East Germany Table of Contents
The Tenth Party Congress, which took place in April 1981, focused on improving the economy, stabilizing the socialist system, achieving success in foreign policy, and strengthening relations with West Germany. Presenting the SED as the leading power in all areas of East German society, General Secretary (the title changed from first secretary in 1976) Honecker emphasized the importance of educating loyal cadres in order to secure the party's position. He announced that more than one-third of all party members and candidates and nearly two-third of the party secretaries had completed a course of study at a university, technical college, or trade school and that four-fifths of the party secretaries had received training in a party school for more than a year. Stating that a relaxation of "democratic centralism" was unacceptable, Honecker emphasized rigid centralism within the party. Outlining the SED's general course, the congress confirmed the unity of East Germany's economic and social policy on the domestic front and its absolute commitment to the Soviet Union in foreign policy. In keeping with the latter pronouncement, the SED approved the Soviet intervention in Afghanistan. The East German stance differed from that taken by the Yugoslav, Romanian, and Italian communists, who criticized the Soviet action.
The SED's Central Committee, which during the 1960s had been an advisory body, was reduced to the function of an acclamation body during the Tenth Party Congress. The Politburo and the Secretariat remained for the most part unchanged. In addition to policy issues, the congress focused on the new Five-Year Plan (1981-85), calling for higher productivity, more efficient use of material resources, and better quality products. Although the previous five-year plan had not been fulfilled, the congress again set very high goals. Because it barely went beyond the repetition of previous aims and the continuation of domestic and foreign policies, the Tenth Party Congress has been termed the party congress of continuity.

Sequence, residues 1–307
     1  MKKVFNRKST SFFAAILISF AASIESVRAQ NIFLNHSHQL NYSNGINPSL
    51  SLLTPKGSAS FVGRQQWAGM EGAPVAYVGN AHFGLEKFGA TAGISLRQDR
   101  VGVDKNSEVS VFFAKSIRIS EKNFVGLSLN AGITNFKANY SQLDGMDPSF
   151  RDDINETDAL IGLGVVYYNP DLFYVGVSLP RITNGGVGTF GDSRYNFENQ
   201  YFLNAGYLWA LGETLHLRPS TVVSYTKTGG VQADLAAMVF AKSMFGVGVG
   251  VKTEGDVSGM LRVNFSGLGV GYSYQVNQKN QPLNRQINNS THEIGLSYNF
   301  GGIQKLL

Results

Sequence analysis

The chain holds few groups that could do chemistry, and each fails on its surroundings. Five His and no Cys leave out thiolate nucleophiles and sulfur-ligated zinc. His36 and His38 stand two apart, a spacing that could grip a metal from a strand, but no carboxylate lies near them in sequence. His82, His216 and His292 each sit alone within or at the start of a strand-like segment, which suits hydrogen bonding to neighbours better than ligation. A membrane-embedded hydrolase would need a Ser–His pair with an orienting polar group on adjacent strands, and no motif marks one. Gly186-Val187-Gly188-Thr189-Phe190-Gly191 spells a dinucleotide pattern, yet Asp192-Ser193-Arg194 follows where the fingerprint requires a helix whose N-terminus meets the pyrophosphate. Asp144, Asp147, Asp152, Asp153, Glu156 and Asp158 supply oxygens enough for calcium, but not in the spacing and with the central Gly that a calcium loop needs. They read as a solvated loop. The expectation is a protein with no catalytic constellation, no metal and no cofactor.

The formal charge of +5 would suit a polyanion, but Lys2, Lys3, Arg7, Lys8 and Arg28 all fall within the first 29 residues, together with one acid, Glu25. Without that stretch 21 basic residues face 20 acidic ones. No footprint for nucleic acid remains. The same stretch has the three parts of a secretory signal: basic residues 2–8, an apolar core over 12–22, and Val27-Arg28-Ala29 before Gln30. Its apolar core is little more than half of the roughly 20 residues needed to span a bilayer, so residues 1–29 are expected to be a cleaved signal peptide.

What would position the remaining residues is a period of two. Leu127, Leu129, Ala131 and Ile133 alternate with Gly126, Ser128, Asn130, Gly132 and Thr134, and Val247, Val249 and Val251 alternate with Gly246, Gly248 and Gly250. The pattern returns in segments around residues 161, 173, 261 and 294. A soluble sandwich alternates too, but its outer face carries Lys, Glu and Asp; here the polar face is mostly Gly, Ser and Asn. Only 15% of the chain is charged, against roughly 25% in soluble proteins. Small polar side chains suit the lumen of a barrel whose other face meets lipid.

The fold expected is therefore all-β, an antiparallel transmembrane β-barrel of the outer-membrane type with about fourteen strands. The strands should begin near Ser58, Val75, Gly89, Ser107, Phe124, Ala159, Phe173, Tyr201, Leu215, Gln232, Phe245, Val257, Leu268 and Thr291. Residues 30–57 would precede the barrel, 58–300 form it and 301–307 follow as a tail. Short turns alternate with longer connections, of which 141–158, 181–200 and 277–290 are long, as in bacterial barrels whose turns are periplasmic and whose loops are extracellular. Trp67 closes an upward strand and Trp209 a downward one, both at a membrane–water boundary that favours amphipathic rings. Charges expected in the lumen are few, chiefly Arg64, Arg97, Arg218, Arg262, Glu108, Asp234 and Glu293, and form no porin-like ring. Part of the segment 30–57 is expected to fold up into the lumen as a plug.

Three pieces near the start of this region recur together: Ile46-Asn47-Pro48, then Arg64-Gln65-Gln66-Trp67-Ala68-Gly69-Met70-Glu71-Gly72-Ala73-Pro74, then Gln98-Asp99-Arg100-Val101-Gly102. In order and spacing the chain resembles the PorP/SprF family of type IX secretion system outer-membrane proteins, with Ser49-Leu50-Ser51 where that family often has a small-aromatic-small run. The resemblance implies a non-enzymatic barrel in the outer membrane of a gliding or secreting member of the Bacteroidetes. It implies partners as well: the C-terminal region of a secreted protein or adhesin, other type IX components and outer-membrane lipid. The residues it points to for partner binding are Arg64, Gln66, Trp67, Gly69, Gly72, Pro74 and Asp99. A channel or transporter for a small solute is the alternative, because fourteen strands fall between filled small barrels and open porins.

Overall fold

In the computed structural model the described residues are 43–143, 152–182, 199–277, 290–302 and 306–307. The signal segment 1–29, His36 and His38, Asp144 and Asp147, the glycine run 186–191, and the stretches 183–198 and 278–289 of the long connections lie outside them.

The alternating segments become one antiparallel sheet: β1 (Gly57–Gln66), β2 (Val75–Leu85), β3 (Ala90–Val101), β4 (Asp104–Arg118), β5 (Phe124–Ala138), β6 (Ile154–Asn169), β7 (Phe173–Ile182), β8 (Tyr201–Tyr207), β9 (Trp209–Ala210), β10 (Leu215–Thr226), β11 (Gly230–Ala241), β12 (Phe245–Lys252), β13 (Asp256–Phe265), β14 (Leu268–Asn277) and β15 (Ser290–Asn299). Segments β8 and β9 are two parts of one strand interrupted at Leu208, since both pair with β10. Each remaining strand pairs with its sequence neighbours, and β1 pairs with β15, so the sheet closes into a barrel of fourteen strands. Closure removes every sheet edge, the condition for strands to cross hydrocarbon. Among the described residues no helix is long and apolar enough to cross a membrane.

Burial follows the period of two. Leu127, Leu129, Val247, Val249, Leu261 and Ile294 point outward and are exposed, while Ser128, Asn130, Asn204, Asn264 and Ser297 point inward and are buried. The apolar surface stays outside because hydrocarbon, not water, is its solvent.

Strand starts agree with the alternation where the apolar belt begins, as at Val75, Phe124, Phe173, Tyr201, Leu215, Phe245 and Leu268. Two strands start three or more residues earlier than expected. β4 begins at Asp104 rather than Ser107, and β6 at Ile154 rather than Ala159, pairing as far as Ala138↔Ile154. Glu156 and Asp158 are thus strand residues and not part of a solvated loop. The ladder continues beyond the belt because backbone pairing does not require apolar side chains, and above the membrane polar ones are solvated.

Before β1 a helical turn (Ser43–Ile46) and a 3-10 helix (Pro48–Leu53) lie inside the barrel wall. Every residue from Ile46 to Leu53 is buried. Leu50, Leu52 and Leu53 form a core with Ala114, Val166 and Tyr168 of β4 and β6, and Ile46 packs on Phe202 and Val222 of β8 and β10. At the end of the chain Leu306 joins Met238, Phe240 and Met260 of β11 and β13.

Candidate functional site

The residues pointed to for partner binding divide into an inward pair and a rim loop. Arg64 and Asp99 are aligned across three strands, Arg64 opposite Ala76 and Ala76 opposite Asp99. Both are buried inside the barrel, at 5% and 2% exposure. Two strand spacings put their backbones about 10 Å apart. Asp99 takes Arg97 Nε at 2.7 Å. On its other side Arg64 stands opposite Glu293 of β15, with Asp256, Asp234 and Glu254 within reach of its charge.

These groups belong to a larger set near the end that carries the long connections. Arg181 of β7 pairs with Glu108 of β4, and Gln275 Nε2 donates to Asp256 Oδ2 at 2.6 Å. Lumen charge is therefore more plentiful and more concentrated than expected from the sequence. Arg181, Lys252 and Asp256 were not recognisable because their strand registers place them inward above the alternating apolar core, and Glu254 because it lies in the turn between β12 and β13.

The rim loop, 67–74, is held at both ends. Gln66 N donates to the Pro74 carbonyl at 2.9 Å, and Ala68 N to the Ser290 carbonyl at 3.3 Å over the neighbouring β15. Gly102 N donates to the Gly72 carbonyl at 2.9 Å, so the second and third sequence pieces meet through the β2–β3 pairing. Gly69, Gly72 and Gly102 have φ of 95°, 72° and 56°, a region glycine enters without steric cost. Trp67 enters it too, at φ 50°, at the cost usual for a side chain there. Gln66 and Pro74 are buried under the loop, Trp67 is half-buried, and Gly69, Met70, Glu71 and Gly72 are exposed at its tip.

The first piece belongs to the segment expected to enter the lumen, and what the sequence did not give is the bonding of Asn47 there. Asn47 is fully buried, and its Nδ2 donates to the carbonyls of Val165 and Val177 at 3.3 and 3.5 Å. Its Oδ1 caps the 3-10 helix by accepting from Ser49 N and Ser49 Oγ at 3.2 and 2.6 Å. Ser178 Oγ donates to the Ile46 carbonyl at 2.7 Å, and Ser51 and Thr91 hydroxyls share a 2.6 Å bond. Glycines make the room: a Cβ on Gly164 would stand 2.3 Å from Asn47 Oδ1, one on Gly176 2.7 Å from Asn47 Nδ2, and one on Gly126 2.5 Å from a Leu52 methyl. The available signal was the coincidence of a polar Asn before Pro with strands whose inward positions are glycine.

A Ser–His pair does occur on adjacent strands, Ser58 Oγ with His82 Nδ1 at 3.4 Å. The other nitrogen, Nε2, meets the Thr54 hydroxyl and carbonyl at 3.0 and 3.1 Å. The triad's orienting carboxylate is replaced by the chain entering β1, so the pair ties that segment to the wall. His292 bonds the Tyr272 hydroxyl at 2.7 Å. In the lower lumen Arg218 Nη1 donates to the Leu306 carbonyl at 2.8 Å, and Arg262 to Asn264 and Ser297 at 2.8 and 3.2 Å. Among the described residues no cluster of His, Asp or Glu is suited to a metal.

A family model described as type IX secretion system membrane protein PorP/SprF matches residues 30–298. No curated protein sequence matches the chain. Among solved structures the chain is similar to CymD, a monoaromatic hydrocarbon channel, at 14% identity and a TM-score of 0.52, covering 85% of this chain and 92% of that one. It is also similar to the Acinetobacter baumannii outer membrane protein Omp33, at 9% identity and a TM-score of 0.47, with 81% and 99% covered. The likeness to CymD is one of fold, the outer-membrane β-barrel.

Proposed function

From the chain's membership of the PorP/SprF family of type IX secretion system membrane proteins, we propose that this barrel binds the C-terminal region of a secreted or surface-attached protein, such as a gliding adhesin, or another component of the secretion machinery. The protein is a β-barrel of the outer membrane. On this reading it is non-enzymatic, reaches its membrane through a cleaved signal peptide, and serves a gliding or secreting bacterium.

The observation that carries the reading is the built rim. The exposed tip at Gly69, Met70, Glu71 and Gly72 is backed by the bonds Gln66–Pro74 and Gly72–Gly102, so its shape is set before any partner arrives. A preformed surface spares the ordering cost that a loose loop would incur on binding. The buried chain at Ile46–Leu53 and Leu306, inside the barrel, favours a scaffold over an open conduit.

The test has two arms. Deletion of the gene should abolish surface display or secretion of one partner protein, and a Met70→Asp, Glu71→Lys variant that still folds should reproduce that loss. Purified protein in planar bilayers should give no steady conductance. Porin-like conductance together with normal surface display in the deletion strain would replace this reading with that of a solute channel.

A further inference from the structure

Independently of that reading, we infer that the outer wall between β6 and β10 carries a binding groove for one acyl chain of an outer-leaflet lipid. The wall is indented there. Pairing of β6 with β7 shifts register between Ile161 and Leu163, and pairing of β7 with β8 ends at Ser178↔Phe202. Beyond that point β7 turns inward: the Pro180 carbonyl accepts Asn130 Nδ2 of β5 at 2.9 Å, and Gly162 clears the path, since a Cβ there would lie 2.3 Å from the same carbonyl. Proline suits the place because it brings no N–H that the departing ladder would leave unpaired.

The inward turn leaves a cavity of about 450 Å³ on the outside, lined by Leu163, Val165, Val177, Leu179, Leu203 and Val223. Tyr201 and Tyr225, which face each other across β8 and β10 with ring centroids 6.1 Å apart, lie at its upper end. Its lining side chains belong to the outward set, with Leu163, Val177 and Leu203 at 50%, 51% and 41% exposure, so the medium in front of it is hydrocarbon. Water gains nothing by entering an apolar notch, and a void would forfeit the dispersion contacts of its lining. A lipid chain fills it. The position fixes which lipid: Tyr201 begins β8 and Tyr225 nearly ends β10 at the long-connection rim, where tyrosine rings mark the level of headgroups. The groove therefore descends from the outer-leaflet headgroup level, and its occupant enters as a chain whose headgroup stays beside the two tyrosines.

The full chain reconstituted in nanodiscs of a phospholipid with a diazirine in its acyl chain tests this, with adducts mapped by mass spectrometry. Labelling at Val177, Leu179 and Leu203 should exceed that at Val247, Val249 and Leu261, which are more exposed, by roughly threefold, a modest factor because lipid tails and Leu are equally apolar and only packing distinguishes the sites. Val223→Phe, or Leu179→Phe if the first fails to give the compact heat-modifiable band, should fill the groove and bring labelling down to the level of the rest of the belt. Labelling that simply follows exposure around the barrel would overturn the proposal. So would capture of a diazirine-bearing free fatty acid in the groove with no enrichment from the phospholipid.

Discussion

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The reader may enjoy Carola Stern's Ulbricht: A Political Biography and Heinz Lippmann's Honecker and the New Politics of Europe. Jonathan Steel's Inside East Germany: The State That Came in from the Cold provides a journalist's account. Hartmut Zimmermann's essay "The GDR in the 1970s," in Problems of Communism, March-April 1978, serves as an excellent introduction to the contemporary situation.
For background, Geoffrey Barraclough's The Origins of Modern Germany is a classic study of the late-medieval German past. Germany: 1866-1945, by Gordon A. Craig, represents a recent synthesis of the history of the German nation-state. Fritz Fischer's controversial Germany's Aims in the First World War warrants brief perusal: the author collects a wealth of documentation revealing the political and social context of World War I. The German Dictatorship: The Origins, Structure, and Effects of National Socialism by Karl Dietrich Bracher offers an excellent analysis of Hitler's road to power and the Third Reich. (For further information and complete citations, see Bibliography.)
Data as of July 1987